Caenorhabditis briggsae, like Caenorhabditis elegans, is a self-reproducing hermaphroditic nematode species that also produces males capable of outcrossing with hermaphrodites. Analyses of linkage disequilibrium patterns in C. briggsae natural isolates suggest a very low outcrossing rate of ~3.9 × 10-5 . The same study reported population subdivision between C. briggsae strains collected in temperate localities versus those from tropical regions and nuclear silent-site nucleotide diversity (πS) for the tropical isolates was estimated at 2.7 × 10-3 – a number highly similar to global estimates for C. elegans . The C. briggsae isolates from temperate localities, however, showed a remarkably lower mean πS value of 4.0 × 10-5. A direct estimate of the neutral base substitution mutation rate (9.0 × 10-9 per site per generation) is available from C. elegans mutation-accumulation lines  that can be used along with πS data to estimate the effective population size (N e ) . Assuming a common mutation rate between C. elegans and C. briggsae, N e is estimated to be ~63,000 for C. briggsae tropical isolates. For the C. briggsae temperate isolates, a much smaller N e of ~1,000 is estimated. Based on these and other observations, it is hypothesized that C. briggsae only recently (in the last few hundred years) colonized temperate latitudes from small founding populations . Furthermore, there is evidence for a ~2-fold elevated mutation rate in C. briggsae as compared to C. elegans  that leads to correspondingly lower N e estimates for C. briggsae: ~31,500 for tropical populations and ~500 for temperate populations. The combination of very low outcrossing rates, small N e and high mutation rates are expected to render C. briggsae natural mitochondrial lineages susceptible to the effects of Muller's Ratchet-associated deleterious mutation accumulation.
To probe for the effects of Muller's Ratchet in C. briggsae natural populations, we sequenced nearly complete mitochondrial genomes from multiple geographically diverse C. briggsae natural isolates and characterized molecular evolutionary processes by comparing nucleotide diversity patterns in mitochondrial DNA (mtDNA) protein-coding genes between the temperate- and tropical-clade C. briggsae isolates, characterizing heteroplasmic genome deletions using quantitative real-time PCR (qPCR) approaches and evaluating correlations of various natural mitochondrial genome haplotypes with nematode fecundity and fitness.
Results and Discussion
Noncoding DNA accumulation in Caenorhabditis mitochondrial genomes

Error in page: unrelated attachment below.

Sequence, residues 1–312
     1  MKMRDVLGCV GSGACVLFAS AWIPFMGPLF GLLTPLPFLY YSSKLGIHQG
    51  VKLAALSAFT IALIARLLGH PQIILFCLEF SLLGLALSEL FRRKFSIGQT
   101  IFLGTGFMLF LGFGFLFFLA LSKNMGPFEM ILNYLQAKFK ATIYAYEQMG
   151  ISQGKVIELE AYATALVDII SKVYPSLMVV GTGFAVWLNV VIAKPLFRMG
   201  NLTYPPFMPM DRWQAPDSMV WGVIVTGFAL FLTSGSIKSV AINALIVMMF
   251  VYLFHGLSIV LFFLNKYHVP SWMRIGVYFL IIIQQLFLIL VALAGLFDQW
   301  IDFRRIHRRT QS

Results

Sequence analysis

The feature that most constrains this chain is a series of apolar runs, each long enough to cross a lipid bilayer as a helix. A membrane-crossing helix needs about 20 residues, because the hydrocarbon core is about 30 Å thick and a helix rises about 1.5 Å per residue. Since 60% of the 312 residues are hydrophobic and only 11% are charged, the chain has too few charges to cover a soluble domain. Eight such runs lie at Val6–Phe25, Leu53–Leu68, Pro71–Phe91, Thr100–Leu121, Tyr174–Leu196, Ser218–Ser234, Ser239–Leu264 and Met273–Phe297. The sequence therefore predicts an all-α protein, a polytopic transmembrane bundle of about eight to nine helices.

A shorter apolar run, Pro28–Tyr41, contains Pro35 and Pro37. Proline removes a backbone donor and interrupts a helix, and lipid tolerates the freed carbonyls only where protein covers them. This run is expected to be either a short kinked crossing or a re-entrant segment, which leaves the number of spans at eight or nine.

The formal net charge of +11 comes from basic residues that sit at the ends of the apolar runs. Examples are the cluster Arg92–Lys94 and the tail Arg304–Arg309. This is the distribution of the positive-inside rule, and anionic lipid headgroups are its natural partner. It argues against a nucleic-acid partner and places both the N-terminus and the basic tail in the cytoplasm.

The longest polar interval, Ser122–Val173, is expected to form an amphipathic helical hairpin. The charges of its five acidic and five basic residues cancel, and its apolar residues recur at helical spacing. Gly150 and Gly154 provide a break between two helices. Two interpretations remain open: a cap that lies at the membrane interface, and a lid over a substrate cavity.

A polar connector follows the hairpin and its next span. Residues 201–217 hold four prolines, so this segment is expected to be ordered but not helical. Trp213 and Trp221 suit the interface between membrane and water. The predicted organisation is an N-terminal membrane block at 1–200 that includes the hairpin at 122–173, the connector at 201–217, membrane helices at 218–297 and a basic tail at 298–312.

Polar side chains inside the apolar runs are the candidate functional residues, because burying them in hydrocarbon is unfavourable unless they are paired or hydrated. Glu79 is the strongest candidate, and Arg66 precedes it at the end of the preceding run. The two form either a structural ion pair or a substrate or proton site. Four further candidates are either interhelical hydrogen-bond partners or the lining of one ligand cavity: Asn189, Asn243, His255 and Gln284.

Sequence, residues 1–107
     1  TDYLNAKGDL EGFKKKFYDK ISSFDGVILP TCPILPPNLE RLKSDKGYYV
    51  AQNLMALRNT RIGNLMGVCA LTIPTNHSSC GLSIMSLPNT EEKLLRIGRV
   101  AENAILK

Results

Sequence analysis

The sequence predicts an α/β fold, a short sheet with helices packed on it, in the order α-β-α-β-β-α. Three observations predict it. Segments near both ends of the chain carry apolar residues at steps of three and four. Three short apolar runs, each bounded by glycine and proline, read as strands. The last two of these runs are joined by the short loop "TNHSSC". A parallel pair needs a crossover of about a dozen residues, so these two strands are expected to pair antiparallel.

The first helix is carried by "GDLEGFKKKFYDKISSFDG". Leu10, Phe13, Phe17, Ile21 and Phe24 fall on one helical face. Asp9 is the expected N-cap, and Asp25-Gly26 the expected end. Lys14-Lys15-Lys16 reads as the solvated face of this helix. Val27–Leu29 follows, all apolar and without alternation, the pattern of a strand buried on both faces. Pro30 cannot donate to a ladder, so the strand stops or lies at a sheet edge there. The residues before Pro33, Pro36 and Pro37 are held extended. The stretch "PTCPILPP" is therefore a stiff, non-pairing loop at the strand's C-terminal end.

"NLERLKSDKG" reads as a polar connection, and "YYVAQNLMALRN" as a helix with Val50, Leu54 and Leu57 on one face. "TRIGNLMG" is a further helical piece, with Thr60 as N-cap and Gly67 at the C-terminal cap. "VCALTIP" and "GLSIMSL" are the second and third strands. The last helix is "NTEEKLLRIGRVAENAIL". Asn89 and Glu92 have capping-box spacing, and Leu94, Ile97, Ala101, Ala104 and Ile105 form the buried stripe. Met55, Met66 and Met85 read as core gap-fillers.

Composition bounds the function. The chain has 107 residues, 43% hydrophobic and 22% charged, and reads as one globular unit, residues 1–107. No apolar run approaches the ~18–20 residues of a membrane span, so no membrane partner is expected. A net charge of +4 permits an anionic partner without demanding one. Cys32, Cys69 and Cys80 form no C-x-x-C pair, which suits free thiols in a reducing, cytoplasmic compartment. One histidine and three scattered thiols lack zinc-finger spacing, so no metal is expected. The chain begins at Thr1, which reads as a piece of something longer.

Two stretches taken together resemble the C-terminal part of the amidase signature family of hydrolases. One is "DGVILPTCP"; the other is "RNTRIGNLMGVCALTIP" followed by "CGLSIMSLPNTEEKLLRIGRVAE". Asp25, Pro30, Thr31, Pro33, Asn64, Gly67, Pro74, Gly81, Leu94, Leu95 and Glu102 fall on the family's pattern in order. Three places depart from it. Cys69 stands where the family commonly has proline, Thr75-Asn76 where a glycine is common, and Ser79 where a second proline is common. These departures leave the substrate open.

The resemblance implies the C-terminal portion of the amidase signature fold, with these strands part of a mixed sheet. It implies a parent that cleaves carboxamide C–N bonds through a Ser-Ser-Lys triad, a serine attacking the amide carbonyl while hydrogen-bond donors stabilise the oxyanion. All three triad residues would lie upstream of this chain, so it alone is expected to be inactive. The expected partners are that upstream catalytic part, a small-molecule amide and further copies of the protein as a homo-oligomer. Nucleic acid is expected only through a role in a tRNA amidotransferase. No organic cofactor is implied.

To search for natural mutational decay in C. briggsae, we analyzed nearly complete mitochondrial genome sequences (13,430/14,420 total bp) from 24 geographically diverse C. briggsae natural isolates (Table 1). mtDNA sequences were amplified as four overlapping long PCR products (3–5 kb in size each) that were directly sequenced using a combination of PCR and internal sequencing primers (see Methods). A complete mitochondrial genome sequence for C. briggsae isolate AF16 is available from Genbank (accession # NC_009885) and was used as a reference for primer design. The mitochondrial genome AT-region constituted the only mtDNA segment not analyzed in the C. briggsae natural isolates – as with C. elegans , efforts to sequence through this highly AT-rich region proved unsuccessful. Each isolate was found to encode a unique mitochondrial genome haplotype.
We discovered that most C. briggsae mitochondrial genomes harbor two presumed noncoding regions that are homologous to and likely derive from the NADH dehydrogenase 5 (ND5) protein-coding gene. The first ND5-like element (named ψND5-1) was identified between two tRNA genes, whereas the second larger element (ψND5-2) resides between the ND3 and ND5 protein-coding genes (Figure 1). ψND5-1 and ψND5-2 display 89.3% and 88.0% sequence identity, respectively, to homologous regions of the C. briggsae ND5 gene. There is 94.1% sequence identity between ψND5-1 and ψND5-2. We subjected the ψND5-1 and ψND5-2 sequences to conceptual translation using the appropriate genetic code in MEGA4  to discover the presence of numerous internal stop codons, suggesting that these elements do not encode functional protein products. Whereas all 24 C. briggsae mtDNA sequences analyzed were found to harbor ψND5-1, only 22/24 isolates harbored ψND5-2 – this element was missing from the two Kenya isolate (ED3092, ED3101) mitochondrial genomes . Although the mitochondrial genomes of C. elegans and C. remanei were found not to encode ψND5 elements, that of Caenorhabditis sp. n. 5 (isolate JU727), a recently-identified gonochoristic sister species to C. briggsae , was discovered to encode a divergent form of ψND5-1 (see Additional file 1).